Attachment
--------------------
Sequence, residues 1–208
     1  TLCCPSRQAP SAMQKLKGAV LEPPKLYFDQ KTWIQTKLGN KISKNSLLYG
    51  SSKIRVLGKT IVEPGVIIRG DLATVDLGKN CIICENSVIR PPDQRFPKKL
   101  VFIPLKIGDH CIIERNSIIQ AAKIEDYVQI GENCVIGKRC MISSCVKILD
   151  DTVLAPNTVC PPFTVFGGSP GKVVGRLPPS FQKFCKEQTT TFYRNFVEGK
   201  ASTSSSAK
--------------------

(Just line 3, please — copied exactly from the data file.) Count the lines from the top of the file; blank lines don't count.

    51  SSKIRVLGKT IVEPGVIIRG DLATVDLGKN CIICENSVIR PPDQRFPKKL